Some solutions for low-diversity countries are presented in the next part of the book. Chapter 5 touches on a topic which has not yet been so broadly investigated as the effects of actual, statistical diversity on quality of inter-ethnic relations – namely subjective perceptions of ethnic diversity. Schaeffer argues that cognitive indicators regarding whether, and to what extent, ‘real’ diversity is recognised and acknowledged by a population could serve as a micro link between the contextual demographic situation and individuals’ tendencies to withdraw from public social life (p. 75). This chapter further exposes contrasting effects of statistical diversity on behavioural and cognitive aspects of social cohesion. Perceptions – as the provided analyses demonstrate – bridge the gap and offer alternative explanations of ethnic diversity effects.

Another attention-grabbing part of the book is the next chapter which critically engages with the idea whether these perceptions could be at all subjective, since they refer to local/national ‘genealogies’ of ethnic difference, which are anchored in social and political discourses and daily mediated by media and public discourse (Chapter 6). Specifically, the Author discusses the German vision of nationhood, citizenship, demarking ethnic ‘others’ and tests with data whether ethnic categories remain salient when people are asked about groups responsible for problems in neighbourhood with an open-ended question, avoiding specifying ethnic categories a priori.

Going back to my previous considerations, subjective measures of diversity could be more useful as diversity measurement tools in countries with lower levels of actual ethnic diversity. The comparison of subjective and objective indicators of diversity could provide insight into the role of familiarisation with diversity for inter-ethnic relations (cf. Hooghe, de Vroome 2013; Kuovo, Lockmer 2013) for societies with high levels of ethnic diversity. It is still under-investigated how ethnic or national diversity is perceived by residents of less diverse countries, such as countries in the CEE region. Of course, such studies were beyond the scope of Merlin Schaeffer’s book. However, what could enrich this part of the book would be a critical reflection on the causality between social cohesion and perceptions of diversity. As other literature argues, subjective perceptions of diversity could be ‘distorted’ by a lack of social interaction, prejudiced views and perceived threat (cf. Alba, Rumbaut, Marotz 2005; Schlueter, Davidov 2013; Strabac 2011). Thus, perception of diversity is not always a more precise indicator of actual diversity, a moderator or a mediator of statistical diversity effects, but it could be considered a more complex psycho-sociological variable, which is reversely impacted by social cohesion. Obviously, a follow-up EDCAS survey would allow to investigate the causality question.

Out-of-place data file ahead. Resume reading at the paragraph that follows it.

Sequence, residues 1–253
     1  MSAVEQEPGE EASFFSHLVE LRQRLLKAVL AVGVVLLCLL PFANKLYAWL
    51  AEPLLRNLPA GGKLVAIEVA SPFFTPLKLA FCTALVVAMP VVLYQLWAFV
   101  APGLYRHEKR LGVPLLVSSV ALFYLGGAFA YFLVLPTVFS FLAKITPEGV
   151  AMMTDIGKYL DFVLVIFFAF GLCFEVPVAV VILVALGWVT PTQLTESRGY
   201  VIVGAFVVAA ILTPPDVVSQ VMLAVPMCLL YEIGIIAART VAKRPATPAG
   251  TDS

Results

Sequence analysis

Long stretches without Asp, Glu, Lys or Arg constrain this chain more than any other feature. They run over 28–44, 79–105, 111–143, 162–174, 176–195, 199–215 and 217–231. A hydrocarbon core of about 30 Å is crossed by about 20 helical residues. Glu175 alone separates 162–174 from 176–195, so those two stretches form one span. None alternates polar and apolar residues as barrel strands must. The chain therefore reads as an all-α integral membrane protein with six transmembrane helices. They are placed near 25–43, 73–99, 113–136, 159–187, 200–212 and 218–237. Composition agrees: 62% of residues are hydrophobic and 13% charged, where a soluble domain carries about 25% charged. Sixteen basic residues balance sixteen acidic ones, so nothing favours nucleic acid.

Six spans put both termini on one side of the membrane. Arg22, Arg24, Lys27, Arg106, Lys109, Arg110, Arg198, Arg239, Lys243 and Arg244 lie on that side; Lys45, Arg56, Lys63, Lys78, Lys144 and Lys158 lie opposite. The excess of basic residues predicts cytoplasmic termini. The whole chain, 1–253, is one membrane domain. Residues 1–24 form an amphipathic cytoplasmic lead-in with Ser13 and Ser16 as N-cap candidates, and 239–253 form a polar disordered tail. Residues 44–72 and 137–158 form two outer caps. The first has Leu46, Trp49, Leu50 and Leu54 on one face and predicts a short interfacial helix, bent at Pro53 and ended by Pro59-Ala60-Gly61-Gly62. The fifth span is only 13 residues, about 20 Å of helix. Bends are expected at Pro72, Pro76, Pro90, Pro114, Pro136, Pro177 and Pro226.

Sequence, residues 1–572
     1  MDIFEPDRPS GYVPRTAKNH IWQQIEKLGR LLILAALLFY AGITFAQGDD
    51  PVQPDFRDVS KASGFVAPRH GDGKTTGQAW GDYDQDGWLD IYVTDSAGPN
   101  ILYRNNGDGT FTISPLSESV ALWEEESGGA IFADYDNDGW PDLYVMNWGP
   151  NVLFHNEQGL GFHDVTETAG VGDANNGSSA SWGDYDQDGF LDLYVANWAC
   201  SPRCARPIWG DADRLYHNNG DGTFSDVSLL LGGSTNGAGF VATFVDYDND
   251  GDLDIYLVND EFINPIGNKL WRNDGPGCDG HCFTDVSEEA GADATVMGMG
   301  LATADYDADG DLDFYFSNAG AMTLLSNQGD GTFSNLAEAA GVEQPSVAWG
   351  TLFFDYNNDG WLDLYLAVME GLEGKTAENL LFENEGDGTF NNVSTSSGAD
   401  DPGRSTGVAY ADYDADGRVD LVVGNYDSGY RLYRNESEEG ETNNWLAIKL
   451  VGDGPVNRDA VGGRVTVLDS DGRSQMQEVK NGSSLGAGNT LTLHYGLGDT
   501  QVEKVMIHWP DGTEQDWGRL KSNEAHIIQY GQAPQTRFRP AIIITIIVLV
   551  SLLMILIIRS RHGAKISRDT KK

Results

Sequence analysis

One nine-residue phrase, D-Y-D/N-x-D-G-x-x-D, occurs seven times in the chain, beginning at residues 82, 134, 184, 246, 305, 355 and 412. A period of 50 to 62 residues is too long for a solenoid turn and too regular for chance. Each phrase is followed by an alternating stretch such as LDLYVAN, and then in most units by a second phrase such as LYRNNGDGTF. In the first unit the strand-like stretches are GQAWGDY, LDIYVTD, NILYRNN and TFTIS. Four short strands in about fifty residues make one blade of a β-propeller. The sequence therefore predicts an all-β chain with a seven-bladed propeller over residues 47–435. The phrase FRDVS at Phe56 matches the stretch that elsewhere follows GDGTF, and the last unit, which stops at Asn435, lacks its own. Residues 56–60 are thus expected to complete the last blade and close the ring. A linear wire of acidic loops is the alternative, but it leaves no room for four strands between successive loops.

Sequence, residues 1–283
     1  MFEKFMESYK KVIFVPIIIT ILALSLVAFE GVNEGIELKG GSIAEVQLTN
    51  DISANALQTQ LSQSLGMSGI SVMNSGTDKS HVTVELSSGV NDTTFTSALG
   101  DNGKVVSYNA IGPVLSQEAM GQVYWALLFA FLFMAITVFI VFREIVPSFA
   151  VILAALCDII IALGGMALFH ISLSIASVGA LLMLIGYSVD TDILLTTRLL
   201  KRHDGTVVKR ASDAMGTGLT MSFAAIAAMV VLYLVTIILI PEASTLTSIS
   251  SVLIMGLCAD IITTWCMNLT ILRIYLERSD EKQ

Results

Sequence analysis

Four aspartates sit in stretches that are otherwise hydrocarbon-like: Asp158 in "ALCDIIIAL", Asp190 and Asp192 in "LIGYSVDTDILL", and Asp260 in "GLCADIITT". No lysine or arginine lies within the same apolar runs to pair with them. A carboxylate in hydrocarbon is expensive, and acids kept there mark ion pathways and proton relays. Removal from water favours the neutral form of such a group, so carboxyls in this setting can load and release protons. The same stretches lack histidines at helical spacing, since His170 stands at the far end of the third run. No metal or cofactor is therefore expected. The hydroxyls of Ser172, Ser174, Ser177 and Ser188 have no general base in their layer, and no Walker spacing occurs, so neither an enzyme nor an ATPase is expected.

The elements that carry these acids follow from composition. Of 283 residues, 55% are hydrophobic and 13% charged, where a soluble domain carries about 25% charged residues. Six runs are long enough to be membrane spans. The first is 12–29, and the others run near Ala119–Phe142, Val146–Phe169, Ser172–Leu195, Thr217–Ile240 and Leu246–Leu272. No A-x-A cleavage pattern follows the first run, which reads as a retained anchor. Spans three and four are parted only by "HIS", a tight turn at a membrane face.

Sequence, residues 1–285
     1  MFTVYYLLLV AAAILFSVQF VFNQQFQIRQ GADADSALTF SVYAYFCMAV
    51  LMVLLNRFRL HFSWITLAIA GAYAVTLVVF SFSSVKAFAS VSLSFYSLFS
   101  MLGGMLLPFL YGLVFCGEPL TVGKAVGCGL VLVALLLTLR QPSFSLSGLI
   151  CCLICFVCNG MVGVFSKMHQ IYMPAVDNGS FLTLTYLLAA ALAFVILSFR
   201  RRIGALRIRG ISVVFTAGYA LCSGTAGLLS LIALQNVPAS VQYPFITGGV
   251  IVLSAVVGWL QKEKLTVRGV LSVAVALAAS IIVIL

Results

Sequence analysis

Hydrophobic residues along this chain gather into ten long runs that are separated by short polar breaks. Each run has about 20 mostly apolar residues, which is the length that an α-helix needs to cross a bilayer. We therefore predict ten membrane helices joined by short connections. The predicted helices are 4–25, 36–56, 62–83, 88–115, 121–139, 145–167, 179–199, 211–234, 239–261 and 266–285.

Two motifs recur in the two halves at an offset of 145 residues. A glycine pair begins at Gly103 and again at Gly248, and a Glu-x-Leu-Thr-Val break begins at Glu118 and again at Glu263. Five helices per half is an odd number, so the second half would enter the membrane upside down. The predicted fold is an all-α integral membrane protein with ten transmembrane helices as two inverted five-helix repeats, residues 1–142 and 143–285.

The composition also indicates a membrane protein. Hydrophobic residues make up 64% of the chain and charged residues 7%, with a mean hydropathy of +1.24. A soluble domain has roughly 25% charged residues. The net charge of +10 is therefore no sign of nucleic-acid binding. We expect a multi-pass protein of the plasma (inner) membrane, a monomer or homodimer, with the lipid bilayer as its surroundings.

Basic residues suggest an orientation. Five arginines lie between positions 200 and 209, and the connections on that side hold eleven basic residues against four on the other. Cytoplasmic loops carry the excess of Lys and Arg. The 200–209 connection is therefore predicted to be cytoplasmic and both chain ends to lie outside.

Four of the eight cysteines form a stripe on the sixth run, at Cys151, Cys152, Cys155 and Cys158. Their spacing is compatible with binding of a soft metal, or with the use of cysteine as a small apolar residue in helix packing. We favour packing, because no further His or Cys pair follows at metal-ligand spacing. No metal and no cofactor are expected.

The final empirical chapter of the book entitled The Dilemma of Inter-Ethnic Coexistence discusses residential segregation and spaces of encounter with people of different background. It extends existing analyses of the diversity effect and along with measures of diversity, segregation and contact, includes more specific sites of inter-ethnic interactions, namely parks and playgrounds (which facilitate interactions of people with children) and bars and restaurants (with their potential of forging cross-ethnic friendships). This analysis points to new directions in research of ethnic diversity and a need to design more nuanced measures of inter-group contact occurring in neighbourhoods and within urban space. I have only a minor comment here – the section omits the rich human geography literature on spaces of encounters, which could be further employed in conceptual frames of such studies. For example, there has been research on how people experience everyday encounters in public spaces, such as public transport (Wilson 2012), schools (Hemming 2011), or social organisations (Matejskova, Leitner 2011).

Overall, Ethnic Diversity and Social Cohesion… should be an essential read for social scientists studying social change in European societies brought about by international mobility and ethnic diversification. This book might also call the attention of anyone interested in conducting parallel quantitative, large-scale research in other European countries, since it provides rich ‘food for thought’ about how to contextualise and situate such research in particular national or regional contexts. Whether such studies will emerge in Central and Eastern Europe – hopefully, we will see soon.


1 EDCAS was a computer assisted telephone survey conducted in October 2009 – July 2010 in Germany, France and the Netherlands. The German sample of EDCAS comprises 7 500 observations in 55 selected regions with 24 per cent oversample of people of immigrant origin.

2 However, the formula Schaeffer actually refers to is the Simpson’s Index of Diversity, since the sum of squares is subtracted from unity (Simpson 1949).


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Aneta Piekut
University of Sheffield